Our advanced, multidisciplinary and coordinated approach to care sets us apart from other muscular dystrophy programs and providers.
All muscular dystrophies are genetic diseases. Confirming the patient’s diagnosis through genetic testing is vital to accurate identification of the disorder’s genetic pathway, prognosis and potential treatments. Patient evaluation also may include an assessment of the child’s cardiac and pulmonary function, DEXA bone scanning and other neurological tests.
DMD is a muscle-degenerating disease that not only affects mobility, but also can cause heart, respiratory and other complications, leading to decreased life expectancy. A comprehensive, multidisciplinary approach to care is vital to delaying and minimizing symptoms and helping the child remain as comfortable, engaged and active as possible.
At Stony Brook Children’s, the DMD team includes experts in neuromuscular disorders, cardiology, genetics, pulmonary medicine and other specializations in addition to a full range of therapies, nutrition and support services. The team works closely with the family, as well as with primary care physicians, to address the child’s total needs.
A key member of the DMD team is a dedicated nurse who serves as the coordinator and main liaison between the family and the rest of the team. The nurse coordinator prescreens incoming patients and obtains their medical records, and ensures that the family’s needs are being accurately anticipated, and that patients and providers are effectively communicating. The coordinator also schedules care center visits – designated days when families can see multiple specialists in a consolidated block of appointments at the Center. This not only reduces stress on families, but also fosters a faster and better flow of information among providers. If advanced imaging services such as cardiac MRI are required, the initial evaluation may be a two-day process, and patients and families from out of town are assisted in finding overnight accommodations.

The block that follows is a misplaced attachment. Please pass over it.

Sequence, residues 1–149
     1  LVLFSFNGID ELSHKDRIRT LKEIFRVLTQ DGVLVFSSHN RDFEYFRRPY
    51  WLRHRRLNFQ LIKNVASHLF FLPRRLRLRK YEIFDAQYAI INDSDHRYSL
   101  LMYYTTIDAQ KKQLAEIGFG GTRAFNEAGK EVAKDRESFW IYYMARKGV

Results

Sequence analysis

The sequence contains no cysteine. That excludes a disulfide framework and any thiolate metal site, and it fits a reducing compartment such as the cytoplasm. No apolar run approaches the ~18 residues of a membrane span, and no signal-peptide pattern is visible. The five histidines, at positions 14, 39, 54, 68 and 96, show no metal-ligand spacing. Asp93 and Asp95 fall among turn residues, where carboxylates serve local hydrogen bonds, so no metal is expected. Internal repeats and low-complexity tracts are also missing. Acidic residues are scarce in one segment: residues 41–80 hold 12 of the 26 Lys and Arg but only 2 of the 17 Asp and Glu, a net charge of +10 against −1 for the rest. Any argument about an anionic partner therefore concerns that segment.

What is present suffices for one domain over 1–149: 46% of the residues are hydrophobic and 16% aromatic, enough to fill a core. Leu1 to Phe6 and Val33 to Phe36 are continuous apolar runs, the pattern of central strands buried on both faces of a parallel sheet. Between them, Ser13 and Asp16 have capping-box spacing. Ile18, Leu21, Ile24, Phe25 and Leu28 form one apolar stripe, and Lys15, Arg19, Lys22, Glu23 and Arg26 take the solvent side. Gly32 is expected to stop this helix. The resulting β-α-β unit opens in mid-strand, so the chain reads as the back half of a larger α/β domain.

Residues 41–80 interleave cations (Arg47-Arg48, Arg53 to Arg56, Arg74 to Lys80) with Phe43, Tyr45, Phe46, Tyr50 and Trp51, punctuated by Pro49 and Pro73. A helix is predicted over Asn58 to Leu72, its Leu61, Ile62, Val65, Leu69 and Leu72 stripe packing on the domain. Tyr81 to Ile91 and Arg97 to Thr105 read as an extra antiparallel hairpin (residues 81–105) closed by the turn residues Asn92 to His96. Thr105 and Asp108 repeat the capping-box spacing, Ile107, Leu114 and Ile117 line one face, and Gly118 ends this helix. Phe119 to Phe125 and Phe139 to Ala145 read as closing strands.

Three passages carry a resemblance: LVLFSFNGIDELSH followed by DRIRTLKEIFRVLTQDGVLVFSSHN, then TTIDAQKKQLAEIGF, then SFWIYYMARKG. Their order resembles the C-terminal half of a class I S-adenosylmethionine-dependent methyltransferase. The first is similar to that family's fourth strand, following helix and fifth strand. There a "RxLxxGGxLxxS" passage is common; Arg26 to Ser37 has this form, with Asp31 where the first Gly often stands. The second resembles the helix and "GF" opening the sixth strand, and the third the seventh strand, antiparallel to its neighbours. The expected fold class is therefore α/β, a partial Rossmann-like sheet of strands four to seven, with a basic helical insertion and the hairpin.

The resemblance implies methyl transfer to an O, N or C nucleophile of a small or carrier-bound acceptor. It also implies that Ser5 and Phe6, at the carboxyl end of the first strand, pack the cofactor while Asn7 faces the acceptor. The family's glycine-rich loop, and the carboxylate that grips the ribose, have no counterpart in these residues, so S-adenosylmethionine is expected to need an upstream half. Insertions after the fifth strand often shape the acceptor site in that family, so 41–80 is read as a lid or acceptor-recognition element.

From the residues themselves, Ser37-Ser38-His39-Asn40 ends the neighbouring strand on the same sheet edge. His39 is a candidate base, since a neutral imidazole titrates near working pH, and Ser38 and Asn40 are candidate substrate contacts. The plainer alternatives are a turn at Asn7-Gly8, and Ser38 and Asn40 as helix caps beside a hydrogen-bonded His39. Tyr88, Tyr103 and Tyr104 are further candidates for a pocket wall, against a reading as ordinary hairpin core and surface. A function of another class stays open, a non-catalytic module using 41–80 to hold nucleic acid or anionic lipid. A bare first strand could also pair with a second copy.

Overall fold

Support and Advocacy
The DMD social worker helps identify resources that foster wellness and independence, and serves as a vital communications link with schools regarding accommodations and support services. The social worker helps families, advocating on their behalf and accessing resources to ease the financial concerns of raising a child with significant medical needs.
Rapid Application of New Knowledge
Historically, boys with DMD usually did not survive beyond their teen years. Today, survival into the late 20s is more common and there are some cases of men with DMD who survive beyond. At Stony Brook Children’s, we are committed to improving the care of DMD patients by rapidly bringing evidence-based medicine and best clinical practices to our DMD patients. The drug Exondys 51 is an example. Provisionally approved by the FDA in September 2016, Exondys 51 is the first treatment indicated for patients who have a specific confirmed mutation of the dystrophin gene, which affects about 13 percent of the population with DMD.
Stony Brook Children’s, as part of an academic medical center and research leader, can identify clinical trials to benefit muscular dystrophy patients as we continue to fight this disease on multiple fronts.